Every year, the University of Richmond Law Review hosts a symposium and publishes an accompanying issue of written work. One rising third-year student volunteers as tribute to head up both tasks. To succeed, the law student needs to exhibit excellence in a number of ways that might be more “traditional” when it comes to serving on the Law Review—timeliness, an eye for detail. But the law student must be more—a politician of sorts, emceeing an event that draws hundreds to the law school all the while connecting with a wide-range of personalities and individuals. Clint Nichols fit the bill perfectly.
A native of Winchester, Virginia, Clint graduated from Roanoke College before moving to Washington, D.C., to begin a stint as a staffer for the late United States Senator from Virginia, John W. Warner. Not to be confined to the “world’s greatest deliberative body,” he also served as an advance man on several presidential campaigns—for John McCain, for Mitt Romney, and for Marco Rubio.
In 2012, the outgoing board selected Clint to run the annual symposium and direct the publication of the accompanying book. Being a presidential year, it was only natural that Clint drew on his background (and passion) in politics. Election Law: Beyond the Red, Purple, and Blue was born.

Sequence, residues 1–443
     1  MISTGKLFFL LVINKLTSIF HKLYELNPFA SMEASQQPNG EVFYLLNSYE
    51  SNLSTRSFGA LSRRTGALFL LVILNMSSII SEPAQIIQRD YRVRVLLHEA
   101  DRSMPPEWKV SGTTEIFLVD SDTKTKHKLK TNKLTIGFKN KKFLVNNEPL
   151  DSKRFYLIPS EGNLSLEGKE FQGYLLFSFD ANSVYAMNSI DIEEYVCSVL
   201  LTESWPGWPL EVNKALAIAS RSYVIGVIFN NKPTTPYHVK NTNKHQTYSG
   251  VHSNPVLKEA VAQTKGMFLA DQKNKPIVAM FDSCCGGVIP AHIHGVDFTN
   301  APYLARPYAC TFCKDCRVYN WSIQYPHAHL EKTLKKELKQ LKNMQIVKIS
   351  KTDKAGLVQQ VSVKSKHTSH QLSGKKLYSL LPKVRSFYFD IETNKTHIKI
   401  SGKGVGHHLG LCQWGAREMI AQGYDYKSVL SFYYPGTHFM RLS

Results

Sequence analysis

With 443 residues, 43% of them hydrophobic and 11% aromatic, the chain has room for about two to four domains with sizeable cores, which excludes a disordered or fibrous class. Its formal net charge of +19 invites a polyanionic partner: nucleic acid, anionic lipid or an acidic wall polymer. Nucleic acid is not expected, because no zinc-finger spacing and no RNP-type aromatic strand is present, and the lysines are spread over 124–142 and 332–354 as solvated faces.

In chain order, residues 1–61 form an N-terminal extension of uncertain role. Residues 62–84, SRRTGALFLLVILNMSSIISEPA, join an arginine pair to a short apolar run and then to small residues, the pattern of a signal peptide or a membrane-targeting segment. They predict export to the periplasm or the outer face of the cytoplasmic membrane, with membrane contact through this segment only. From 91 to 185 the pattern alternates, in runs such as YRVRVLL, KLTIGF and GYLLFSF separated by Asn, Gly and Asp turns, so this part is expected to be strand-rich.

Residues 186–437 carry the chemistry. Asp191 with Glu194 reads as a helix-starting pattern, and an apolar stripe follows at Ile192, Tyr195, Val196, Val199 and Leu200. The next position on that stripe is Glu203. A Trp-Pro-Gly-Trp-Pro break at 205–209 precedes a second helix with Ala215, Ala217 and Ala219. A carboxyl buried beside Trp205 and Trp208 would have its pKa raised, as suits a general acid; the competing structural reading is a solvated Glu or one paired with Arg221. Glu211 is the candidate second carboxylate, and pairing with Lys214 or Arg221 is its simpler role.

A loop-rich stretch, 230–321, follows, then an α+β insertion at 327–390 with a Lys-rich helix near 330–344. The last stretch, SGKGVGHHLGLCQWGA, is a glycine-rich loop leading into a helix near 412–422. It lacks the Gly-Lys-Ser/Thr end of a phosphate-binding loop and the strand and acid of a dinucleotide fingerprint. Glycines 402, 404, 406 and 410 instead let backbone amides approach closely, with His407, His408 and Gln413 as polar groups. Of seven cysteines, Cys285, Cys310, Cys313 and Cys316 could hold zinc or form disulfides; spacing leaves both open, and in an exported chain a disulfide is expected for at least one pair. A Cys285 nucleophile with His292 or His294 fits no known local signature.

As for timeliness, one could hardly imagine a more appropriate topic for that year.
As for detail, he left none unaddressed. Indeed, in the last minutes before the start of the symposium, Clint was furiously fashioning wire hangers to position perfectly the American flags in the backdrop of the panel. Betsy Ross would have been proud.
As for the politician, that came naturally. From start to finish, he commanded the panels that he moderated, glad-handed all the guests, and made everyone with whom he interacted feel like the most important person there.
After a (brief) break from his duties, he successfully marshaled to publication the symposium book just before our graduation in the spring of 2013.
In short, the Law Review and the University of Richmond School of Law benefitted greatly from Clint’s service on the Volume 47 Executive Board.
Those qualities he exhibited on the Executive Board propelled him to professional success as well—first as a law clerk to United States District Judge Henry E. Hudson, then as a partner at Han cock Daniel.
While certainly proud of those accomplishments, he was most proud of the accomplishments in his personal life. He constantly (constantly) talked about his family. He made life-long friends everywhere he went. He volunteered his time to causes for the better ment of others.
And he wanted to connect everyone he met along the way—no matter how or when the relationship was forged. He wanted his Roanoke College friends to meet his law school classmates—usu ally at Virginia Beach with a beverage in hand. He introduced his law school classmates to his family—making the mistake of bringing them to his parents’ house for a birthday party where we could see his baby pictures in all of their glory. And he wanted to connect his family with those he met volunteering—going so far as to make them one-in-the-same.
Words can hardly express what the world has lost with Clint’s untimely passing. He affected each of us in his own way. And each of our lives was better for it.
– Frank Talbott V